It’s difficult to argue with the notion that 2020 unleashed a torrent of disruptive forces upon the work world. We’re all aware of the big variables that were at play as the tumultuous year unfolded—everything from a volatile economy rocked by a global pandemic to a relentless wave of technological innovation left employers and employees alike scrambling in an effort to keep afloat and stay viable in a time of extreme uncertainty.
We’ve made it through, though many of us are a bit shaken up by the events of what felt like a year without precedent. But, as 2021 unfolds, we push forward, hopefully, armed with new wisdom from lessons learned. Although a key takeaway from 2020 is that it’s impossible to predict the future and how it will ultimately impact our grand plans, we can use what we’ve learned to look ahead and make informed predictions about what we can expect in the months to come—particularly in the world of work. Expect the following trends to help shape and define the workplace in 2021 and beyond.
Remote technology is here to stay
Last year saw the most abrupt workplace transition in recent memory. Practically overnight, employees in companies across industries and sectors went from working in offices to working from their homes and beyond as the pandemic roared through society and took hold.
In a year full of uncertainty and dark metaphorical clouds, one bright and shining takeaway was how capably and effectively companies and their teams were able to quickly pivot and continue getting work done in the most tumultuous of times, thanks in part to the power of technology to meet the needs of businesses and workers wherever they are around the globe. Yes, this migration has been happening for years, but the acceleration of the remote working trend exploded in 2020, and it certainly won’t taper off in 2021. Tech companies from lean startups to industry behemoths are continually advancing new innovations in the work from home space, and businesses are reaping the benefits as they get more done while keeping infrastructure costs low. Count on this trend to continue.
Lean is king
Embracing new technology has been an absolute game changer for companies to maximize profits and efficiency while outperforming the competition. In addition, it has allowed businesses to embrace a lean mindset without fear of understaffing and not having sufficient resources to meet their needs. Technology is making it possible for companies to automate key aspects of their productivity pipelines in ways that would have seemed impossible just a few years ago, and this trend is only accelerating, with new and innovative ways for businesses to do more with less being developed at breakneck speeds.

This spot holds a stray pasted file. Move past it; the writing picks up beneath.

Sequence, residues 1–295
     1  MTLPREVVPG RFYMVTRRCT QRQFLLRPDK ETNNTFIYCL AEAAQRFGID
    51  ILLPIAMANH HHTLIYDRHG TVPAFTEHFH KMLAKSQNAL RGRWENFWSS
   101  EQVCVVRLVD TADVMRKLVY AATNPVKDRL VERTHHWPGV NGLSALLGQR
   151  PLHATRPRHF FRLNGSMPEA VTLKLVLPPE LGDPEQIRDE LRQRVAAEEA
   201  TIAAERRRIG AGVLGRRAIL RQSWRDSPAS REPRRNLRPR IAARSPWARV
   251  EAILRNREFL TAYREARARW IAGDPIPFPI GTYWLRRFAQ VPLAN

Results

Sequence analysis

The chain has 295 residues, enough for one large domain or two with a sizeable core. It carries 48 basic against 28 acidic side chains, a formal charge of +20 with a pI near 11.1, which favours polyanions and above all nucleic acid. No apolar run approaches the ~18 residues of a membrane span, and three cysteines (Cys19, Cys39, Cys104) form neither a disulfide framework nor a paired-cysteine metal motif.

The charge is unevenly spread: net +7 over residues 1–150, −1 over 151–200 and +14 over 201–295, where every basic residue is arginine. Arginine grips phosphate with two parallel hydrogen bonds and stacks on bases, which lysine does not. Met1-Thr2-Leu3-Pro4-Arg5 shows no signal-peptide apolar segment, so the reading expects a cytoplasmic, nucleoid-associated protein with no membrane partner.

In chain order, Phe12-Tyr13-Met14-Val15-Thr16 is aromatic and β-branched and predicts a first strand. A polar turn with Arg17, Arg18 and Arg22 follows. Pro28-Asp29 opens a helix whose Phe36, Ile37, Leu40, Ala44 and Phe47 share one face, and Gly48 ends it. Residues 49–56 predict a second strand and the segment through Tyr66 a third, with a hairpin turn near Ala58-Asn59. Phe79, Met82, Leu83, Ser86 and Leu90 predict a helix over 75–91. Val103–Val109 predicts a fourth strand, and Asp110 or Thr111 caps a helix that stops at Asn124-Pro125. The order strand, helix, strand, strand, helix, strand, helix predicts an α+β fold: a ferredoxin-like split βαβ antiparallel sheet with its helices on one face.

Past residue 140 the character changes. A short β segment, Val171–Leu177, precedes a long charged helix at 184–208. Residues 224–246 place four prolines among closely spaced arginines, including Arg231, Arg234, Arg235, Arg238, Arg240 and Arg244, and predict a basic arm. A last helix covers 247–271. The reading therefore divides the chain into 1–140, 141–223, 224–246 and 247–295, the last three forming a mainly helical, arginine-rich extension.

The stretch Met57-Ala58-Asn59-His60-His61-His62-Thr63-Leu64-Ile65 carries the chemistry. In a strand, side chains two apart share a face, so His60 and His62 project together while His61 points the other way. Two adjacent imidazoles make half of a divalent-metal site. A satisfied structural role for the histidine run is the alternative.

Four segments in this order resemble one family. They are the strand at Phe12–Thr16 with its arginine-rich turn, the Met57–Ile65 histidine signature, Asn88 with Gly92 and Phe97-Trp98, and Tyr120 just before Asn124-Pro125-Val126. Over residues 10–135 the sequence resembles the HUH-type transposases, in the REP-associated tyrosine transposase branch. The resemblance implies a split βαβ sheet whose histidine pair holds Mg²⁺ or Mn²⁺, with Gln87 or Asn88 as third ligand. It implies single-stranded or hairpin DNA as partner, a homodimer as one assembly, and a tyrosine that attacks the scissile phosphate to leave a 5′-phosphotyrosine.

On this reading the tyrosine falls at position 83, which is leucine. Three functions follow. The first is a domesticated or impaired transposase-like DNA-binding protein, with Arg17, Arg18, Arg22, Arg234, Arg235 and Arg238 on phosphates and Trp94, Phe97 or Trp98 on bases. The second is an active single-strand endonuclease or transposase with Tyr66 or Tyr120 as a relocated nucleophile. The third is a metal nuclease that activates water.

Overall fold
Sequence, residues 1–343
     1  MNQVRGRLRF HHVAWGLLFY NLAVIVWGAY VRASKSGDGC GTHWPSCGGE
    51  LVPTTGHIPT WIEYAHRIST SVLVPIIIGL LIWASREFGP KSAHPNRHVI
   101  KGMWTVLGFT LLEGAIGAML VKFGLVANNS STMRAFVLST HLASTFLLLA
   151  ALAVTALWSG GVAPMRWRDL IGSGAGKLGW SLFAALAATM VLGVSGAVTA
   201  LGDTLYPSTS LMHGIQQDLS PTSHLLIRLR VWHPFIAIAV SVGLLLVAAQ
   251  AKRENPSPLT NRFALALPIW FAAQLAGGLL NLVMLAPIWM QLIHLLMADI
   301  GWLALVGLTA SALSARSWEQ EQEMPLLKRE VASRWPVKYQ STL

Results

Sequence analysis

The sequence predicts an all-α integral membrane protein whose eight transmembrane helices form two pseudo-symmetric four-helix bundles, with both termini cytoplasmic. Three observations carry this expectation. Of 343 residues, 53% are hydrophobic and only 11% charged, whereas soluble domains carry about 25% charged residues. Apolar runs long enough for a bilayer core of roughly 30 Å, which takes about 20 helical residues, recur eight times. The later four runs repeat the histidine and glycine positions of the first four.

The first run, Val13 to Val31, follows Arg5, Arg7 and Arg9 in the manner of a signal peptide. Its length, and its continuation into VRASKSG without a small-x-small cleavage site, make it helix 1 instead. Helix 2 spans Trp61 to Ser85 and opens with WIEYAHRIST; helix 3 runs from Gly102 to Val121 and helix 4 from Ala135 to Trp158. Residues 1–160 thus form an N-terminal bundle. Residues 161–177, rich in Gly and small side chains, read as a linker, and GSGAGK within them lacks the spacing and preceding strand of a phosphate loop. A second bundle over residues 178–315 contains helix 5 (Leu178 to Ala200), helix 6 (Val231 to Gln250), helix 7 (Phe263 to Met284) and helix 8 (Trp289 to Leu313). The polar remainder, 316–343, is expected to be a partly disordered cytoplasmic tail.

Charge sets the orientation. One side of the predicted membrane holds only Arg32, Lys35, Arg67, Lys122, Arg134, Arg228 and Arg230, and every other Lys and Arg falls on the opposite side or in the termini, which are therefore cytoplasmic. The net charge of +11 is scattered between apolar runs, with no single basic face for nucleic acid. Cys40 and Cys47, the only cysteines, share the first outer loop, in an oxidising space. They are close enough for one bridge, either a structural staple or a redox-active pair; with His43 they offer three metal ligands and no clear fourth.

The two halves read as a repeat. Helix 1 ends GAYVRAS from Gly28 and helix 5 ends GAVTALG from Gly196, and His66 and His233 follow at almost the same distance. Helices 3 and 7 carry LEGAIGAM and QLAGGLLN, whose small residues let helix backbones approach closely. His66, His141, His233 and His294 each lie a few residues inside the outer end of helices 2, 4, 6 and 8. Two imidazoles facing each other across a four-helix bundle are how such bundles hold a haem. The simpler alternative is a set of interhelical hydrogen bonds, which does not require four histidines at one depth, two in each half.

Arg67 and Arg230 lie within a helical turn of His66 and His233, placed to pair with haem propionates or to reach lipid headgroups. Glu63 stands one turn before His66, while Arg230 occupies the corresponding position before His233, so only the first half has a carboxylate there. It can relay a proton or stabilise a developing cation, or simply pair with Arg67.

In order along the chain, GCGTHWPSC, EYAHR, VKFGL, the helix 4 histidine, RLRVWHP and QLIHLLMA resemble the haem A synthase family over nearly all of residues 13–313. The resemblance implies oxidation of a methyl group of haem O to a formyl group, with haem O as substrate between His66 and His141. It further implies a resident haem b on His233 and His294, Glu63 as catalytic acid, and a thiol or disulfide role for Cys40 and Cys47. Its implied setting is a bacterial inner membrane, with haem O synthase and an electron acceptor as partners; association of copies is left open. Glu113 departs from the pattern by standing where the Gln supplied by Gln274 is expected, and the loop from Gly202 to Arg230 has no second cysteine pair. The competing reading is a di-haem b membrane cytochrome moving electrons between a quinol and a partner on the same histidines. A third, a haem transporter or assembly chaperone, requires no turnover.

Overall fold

What does this mean for workers? Simply put, the average employee should expect to be tasked with wearing more work hats than ever before, and at this point it shouldn’t be surprising to see their number of colleagues dwindle over time as technology replaces human power across core business functions and things get leaner. It also places additional pressure on workers to keep their productivity levels high and their skills razor sharp when it comes to new industry-standard technology and process rollouts. As businesses continue to evaluate their operations through a lean mindset, they’ll be paying careful attention to who’s keeping up and who’s falling behind when it comes time to find new areas of potential excess to trim.
Focus on diversity is mandatory
Globalization may have gotten the ball rolling when it comes to businesses seeking to diversify their teams with a broader range of employees worldwide (full-time, part-time, and contract-based), but the focus on diversity has gone far beyond the desire for businesses to cut costs and maximize profits. Companies have increasingly come to realize that having a diverse spectrum of employees empowers them with a more comprehensive and multi-faceted array of perspectives and voices to leverage, in addition to allowing them to source the best and brightest talent from a larger and richer applicant pool. The positive contributions that diversity makes to their productivity, corporate and brand cultures and bottom lines are undeniable and will continue to fuel this long-overdue workplace trend through 2021 and beyond.
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